VLT scarf!). That's Jody AKA KillerPeach proving that we made it to the Kid'n Ewe festival in Boerne, Texas. The Kendall County Fairgrounds are not overly decorated, but have nice big trees, and lots of space to exhibit your fiber-related stuffs. We didn't spend an inordinate amount of time there, but thought we were through, ate lunch, then went back in and "had" to get more stuff.
When we first got there I was worried that there would not be much I was interested in, since the alpaca room had a lot of imported finished goods and toys. But there was actual yarn and fiber hiding there, too. I got some yarn from a lovely alpaca named Masie that had been hand dyed by Maisie's owner, right in the Boerne area. Shop local! They were interesting people and we enjoyed hearing how the alpaca business was going for them. Jody got roving from three different alpacas in three colors. That will surely make pretty yarn.
The wool room had some very nice exhibitors (and some woefully inappropriate stuff as well, but it was easy to skip). Brooks Farm, whose owner is really a wonderful dye artist, had an incredible display. I tried not to buy anything, but ended up with periwinkle mohair and some sock-weight in black, navy and purple--really subtle. There were also some lovely angora bunnies to look at--they even have hairy ears, as this one exhibits.
I lucked out and found a button for Mr. Greenjeans from a lady who does that shiny glass stuff as "Perfect Buttons." Poor thing, it comes out "perfect butt" on one's credit card bill. I also got some hand dyed yarn from her--crinkly sock-weight.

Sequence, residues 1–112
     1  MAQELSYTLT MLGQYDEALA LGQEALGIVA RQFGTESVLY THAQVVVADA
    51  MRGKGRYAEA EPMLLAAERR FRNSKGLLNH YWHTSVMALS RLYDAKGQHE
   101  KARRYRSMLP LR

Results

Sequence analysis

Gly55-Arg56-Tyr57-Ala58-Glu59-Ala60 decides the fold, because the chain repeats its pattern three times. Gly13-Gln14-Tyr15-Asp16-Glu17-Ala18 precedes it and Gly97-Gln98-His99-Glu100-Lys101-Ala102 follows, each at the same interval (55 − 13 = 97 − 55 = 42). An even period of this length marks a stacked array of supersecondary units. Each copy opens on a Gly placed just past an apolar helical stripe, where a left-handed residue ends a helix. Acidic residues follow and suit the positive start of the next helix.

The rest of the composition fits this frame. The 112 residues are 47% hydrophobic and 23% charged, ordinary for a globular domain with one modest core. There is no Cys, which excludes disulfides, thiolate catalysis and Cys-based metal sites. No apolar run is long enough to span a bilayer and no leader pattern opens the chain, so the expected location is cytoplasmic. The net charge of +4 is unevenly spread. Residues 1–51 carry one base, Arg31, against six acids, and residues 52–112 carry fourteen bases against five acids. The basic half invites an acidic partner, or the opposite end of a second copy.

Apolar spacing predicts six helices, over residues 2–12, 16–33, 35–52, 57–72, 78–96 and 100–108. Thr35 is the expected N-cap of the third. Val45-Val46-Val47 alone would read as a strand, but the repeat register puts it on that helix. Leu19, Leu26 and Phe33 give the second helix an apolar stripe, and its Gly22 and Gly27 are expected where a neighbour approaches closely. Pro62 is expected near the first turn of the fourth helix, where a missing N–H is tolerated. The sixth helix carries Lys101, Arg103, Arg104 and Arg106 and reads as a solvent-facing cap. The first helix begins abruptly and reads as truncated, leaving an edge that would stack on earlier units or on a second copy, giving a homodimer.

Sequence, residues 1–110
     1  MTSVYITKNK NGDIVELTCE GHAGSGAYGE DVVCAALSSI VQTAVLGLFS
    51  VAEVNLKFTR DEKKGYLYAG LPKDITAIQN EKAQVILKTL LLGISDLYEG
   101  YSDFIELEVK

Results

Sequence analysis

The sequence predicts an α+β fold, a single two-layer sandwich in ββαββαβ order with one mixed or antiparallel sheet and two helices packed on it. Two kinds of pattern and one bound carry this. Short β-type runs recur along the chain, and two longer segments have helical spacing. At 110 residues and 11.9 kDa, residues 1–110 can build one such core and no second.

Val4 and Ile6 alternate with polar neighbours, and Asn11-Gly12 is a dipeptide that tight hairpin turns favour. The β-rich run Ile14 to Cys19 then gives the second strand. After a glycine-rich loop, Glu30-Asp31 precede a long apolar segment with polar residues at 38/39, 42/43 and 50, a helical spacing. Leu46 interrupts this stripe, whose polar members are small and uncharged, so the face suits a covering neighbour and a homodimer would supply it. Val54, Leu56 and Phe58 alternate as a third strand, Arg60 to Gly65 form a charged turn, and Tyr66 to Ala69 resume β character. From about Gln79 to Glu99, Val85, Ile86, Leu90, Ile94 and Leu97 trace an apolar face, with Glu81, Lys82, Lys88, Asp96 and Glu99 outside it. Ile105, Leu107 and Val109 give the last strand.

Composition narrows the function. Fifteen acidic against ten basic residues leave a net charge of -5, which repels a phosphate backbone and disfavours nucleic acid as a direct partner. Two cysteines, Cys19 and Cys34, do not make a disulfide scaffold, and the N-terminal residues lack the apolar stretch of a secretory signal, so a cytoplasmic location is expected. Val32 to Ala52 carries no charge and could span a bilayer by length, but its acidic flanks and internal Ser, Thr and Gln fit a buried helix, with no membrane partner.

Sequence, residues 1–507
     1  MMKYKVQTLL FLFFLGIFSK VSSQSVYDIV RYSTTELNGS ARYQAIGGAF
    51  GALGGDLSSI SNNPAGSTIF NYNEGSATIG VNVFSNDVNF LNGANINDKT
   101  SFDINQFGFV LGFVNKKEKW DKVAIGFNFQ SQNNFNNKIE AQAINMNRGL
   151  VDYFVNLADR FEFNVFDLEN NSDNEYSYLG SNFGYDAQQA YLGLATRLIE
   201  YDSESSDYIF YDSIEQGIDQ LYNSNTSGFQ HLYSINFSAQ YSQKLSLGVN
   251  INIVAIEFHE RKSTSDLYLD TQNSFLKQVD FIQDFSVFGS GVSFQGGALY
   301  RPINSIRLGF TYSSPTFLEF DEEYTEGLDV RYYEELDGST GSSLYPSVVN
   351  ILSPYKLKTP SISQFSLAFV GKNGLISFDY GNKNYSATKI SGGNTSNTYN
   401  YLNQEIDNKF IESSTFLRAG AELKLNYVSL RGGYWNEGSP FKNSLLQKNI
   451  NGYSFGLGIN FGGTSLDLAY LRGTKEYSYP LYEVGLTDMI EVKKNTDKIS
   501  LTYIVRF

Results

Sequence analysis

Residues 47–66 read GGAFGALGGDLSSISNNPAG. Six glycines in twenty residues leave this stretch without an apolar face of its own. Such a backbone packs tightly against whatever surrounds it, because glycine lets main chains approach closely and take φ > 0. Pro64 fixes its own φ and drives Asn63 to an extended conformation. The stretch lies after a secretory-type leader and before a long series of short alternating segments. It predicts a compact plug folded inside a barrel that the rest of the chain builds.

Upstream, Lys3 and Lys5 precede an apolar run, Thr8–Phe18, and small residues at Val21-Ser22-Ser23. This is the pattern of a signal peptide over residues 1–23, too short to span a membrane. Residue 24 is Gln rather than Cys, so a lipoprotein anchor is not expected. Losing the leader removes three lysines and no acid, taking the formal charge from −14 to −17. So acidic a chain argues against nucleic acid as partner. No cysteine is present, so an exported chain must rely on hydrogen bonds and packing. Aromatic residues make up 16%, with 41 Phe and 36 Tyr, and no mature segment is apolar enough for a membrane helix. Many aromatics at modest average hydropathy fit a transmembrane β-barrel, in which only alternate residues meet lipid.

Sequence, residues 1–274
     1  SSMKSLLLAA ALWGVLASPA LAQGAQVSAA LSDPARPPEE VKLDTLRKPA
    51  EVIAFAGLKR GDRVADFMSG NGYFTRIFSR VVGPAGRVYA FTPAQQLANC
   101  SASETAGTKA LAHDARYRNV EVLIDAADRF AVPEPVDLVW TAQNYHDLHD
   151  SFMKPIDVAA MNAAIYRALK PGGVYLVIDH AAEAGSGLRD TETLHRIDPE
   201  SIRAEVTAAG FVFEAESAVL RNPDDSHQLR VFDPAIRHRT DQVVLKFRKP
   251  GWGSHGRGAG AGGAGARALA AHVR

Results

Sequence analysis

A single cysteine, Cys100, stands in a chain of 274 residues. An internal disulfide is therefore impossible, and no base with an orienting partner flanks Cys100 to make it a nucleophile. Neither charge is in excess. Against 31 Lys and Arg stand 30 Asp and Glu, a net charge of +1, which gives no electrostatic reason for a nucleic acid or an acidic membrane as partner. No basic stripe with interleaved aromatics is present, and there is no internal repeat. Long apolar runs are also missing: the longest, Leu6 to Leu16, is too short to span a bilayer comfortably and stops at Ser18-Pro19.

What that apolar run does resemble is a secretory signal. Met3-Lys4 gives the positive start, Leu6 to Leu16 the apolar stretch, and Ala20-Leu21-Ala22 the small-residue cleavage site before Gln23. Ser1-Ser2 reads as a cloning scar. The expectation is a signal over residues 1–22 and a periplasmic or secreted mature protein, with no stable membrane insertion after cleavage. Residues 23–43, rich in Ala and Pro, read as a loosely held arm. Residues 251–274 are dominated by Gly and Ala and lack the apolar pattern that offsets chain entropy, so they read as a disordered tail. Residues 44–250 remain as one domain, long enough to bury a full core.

Another nice vendor was a group of ladies from Louisiana who had a lot of fleece and interesting yarn from a variety of types of sheep, Marsh Mellow Meadows. I got two skeins of naturally tan yarn, and the label listed all the sheeps' names. Aww. I got a little drop spindle there, too, with agate on it. This yarn looks nice and rustic--not sure what I will do with it, but I want it to be a nice thing.
Saving the best for last, Jody and I practically hyperventilated when she realized that there was a Jojoland exhibit. Jody is a long-time fan, and I had only heard of the yarns, never seen them. Whoa. This stuff is sooooo nice. There were a couple of yarns with very gradual color changes, Harmony and Melody. I got enough Harmony laceweight for a shawl, and enough of the Melody sock weight for three pairs of socks AND her Bear Tracks shawl pattern. I got a dozen skeins of a blue/red combo that really is stunning. We really enjoyed talking to "the Jojoland Lady," who is from China (as is the yarn) and has a real name, of course. She is a really talented knitter and had done up some spectacular shawls and garments. They were all breathtaking, but I was most impressed by a double-knit tumbling blocks baby blanket. It was simply very clever. A totally reversible blanket, too. We snapped up some of her patterns, too! We sent a couple of friends over to buy stuff, as well--didn't want anyone to miss out!
It was fun to run into people we knew there, and "help" them shop. It reminded me of a conference at my former nonprofit job, where you knew most of the folks, and knew you had at least something in common with everyone there, so no one minded being spoken to by strangers, having your clothing touched, etc. And similarly, it was fun to run into people you mostly interact with online--I wish I had seen some of my old friends who were there, but I know there will be other chances!
There are lots of photos on my Flickr pages, so just click the picture of Jody and see what I bought and what we saw. You may even spot a familiar face or two.
Tomorrow: FOs on parade.